Financial Literacy an Everyday Lesson
/ VP, Customer Relationship Officer
Money Smart Week® is a public awareness campaign designed to help consumers better manage their personal finances. Teach Children to Save Day® occurs the same week. Both events are coordinated by hundreds of organizations across the country. INB is taking part by providing financial literacy programs in several area schools.
While we can’t be at every school in our banking area, we do want to help you raise money-smart kids. Here are some tips on teaching financial responsibility.
- Set the example of a responsible money manager by paying bills on time, being a conscientious spender and an active saver. Children tend to emulate their parents’ personal finance habits. Share this roadmap to financial responsibility with your kids.
- Talk openly about money with your kids. Communicate your values and experiences with money. Encourage them to ask you questions, and be prepared to answer them – even the tough ones. See this list of eight ways to talk openly with your kids about saving money
- Explain the difference between needs and wants, the value of saving and budgeting and the consequences of not doing so.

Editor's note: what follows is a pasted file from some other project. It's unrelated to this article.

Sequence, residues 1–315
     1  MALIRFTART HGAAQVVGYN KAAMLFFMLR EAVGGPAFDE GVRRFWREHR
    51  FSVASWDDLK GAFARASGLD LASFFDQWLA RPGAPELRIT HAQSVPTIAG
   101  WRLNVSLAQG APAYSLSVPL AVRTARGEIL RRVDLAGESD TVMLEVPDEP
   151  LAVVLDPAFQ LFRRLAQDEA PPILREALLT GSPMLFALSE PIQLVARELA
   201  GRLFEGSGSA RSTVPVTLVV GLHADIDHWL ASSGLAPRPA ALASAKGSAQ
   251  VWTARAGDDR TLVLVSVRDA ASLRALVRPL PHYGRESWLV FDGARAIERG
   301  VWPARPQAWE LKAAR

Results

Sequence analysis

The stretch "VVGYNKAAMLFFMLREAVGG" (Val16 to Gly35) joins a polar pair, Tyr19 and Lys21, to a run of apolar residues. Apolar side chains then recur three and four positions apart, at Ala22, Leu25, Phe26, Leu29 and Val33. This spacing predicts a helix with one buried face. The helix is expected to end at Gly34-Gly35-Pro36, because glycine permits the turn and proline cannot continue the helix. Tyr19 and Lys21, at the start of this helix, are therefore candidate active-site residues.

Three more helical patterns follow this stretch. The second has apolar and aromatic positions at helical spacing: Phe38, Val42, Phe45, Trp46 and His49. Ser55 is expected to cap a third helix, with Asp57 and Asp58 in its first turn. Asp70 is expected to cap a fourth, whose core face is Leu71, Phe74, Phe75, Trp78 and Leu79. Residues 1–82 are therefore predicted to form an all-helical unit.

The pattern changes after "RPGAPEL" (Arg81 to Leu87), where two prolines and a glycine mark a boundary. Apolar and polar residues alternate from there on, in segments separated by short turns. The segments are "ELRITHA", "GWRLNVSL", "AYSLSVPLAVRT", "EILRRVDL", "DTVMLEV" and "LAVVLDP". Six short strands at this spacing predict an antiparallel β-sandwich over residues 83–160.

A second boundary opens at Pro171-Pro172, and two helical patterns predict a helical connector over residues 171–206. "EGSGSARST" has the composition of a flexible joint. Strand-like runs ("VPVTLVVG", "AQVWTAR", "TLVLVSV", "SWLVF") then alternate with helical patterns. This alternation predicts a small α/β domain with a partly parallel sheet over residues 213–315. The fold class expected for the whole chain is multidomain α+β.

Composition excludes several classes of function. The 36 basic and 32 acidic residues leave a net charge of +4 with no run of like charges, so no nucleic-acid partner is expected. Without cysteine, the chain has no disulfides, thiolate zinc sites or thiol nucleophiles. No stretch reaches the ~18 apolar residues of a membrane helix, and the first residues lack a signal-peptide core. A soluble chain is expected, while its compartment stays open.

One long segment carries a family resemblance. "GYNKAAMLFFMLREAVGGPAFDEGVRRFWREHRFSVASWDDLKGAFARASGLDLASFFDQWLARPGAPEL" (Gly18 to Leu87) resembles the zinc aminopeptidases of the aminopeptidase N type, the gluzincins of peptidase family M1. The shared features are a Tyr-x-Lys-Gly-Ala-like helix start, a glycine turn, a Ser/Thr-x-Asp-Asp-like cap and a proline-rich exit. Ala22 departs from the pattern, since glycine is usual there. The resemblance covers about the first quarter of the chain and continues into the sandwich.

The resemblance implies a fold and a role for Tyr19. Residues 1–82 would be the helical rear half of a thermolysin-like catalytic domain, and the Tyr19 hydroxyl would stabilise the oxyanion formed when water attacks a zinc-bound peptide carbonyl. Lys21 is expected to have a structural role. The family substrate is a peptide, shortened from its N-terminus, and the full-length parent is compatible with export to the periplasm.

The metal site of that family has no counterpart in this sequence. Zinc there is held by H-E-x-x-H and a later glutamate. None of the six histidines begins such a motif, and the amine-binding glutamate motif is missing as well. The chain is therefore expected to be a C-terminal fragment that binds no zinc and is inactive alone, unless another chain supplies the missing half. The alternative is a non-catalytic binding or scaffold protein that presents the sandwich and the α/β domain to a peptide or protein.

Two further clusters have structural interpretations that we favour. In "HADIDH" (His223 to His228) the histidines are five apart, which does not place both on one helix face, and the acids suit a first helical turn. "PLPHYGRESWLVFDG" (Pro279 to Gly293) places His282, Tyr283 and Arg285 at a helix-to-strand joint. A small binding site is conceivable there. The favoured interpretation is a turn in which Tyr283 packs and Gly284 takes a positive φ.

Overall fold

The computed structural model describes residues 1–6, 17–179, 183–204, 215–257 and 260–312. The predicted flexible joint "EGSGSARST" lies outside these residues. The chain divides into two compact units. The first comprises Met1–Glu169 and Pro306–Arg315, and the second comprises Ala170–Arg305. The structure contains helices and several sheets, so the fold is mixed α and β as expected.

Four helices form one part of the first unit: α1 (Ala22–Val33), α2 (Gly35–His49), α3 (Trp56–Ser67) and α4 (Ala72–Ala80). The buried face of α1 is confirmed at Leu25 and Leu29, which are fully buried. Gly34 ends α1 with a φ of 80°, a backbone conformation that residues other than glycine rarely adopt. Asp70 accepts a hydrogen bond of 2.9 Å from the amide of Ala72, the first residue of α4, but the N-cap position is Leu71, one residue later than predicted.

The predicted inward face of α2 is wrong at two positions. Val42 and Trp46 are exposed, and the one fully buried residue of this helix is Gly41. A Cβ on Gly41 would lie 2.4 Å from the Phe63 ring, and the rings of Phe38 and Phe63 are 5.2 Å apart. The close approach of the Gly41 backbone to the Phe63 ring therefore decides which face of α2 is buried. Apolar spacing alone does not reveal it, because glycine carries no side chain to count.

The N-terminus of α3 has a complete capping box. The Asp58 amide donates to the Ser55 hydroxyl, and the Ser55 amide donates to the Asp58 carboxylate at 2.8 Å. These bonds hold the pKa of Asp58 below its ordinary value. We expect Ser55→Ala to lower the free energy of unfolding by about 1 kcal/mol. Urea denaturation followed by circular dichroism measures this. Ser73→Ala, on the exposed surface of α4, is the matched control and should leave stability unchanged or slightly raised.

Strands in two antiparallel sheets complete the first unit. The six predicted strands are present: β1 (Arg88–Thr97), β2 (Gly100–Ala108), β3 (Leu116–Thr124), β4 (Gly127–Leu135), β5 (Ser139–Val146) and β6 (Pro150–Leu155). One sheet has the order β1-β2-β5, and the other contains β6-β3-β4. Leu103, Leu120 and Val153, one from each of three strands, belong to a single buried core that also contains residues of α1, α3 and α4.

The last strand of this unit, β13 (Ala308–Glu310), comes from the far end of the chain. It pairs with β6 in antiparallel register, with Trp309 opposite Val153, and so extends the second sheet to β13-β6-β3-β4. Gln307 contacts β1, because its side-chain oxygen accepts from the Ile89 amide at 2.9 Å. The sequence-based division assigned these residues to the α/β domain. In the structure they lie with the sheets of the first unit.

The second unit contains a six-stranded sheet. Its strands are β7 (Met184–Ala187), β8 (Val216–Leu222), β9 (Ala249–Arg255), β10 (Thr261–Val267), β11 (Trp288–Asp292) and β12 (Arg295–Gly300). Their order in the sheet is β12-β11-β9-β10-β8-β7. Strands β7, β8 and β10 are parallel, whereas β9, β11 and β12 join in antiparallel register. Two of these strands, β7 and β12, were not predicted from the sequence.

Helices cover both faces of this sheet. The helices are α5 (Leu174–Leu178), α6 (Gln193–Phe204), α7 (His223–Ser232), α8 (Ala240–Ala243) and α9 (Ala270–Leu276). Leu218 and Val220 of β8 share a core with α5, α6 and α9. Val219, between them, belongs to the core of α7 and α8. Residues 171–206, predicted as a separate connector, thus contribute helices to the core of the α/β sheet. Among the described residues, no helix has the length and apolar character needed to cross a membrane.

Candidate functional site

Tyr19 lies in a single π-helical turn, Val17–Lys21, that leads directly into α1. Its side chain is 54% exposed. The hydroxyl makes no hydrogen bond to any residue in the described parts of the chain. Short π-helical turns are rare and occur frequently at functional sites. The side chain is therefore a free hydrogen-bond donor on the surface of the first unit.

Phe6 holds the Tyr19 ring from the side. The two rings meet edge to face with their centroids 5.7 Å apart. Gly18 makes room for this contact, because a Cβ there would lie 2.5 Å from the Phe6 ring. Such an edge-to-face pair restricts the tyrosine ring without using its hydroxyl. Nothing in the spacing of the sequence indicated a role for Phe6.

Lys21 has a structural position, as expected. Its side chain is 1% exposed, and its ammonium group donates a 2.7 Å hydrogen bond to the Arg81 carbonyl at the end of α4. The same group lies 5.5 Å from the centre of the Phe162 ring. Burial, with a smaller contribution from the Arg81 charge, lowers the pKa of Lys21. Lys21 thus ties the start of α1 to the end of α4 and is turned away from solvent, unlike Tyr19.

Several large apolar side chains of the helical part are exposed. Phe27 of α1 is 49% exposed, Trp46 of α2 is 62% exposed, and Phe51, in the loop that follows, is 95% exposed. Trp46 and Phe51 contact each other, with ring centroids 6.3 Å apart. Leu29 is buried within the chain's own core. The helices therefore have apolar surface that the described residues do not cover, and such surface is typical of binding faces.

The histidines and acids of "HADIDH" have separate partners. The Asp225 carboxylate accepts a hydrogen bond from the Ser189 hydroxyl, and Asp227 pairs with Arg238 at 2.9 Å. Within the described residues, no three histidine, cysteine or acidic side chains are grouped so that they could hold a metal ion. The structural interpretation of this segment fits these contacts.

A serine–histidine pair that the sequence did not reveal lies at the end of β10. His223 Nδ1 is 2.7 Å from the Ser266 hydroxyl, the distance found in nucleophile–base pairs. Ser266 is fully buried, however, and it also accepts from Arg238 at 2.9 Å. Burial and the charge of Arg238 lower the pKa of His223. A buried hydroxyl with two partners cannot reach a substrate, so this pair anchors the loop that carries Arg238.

- Open a savings account for your children and show them how to make deposits, so they can learn how to be hands-on in their money management.
- Let friends and family know about your child’s savings goal. They’ll be more likely to give cash for special occasions, which means more trips to the bank.
INB share’s your commitment to creating a money-savvy generation as well as helping those of us who maybe didn’t get off on the right savings foot. Visit INB’s Personal Wealth Lounge today for videos and printable tools to help with budgeting, tips for saving money, credit reports and more.
On the INB Blog, our bankers provide tips on how to better manage your money. These tips on sticking to a budget will help ensure a healthier, happier financial future for anyone who has trouble staying on track. He also explains why everyone, no matter how much they earn, needs a budget. And whether you’re saving for your kids’ college expenses or for retirement, Dee Jason has some good advice.
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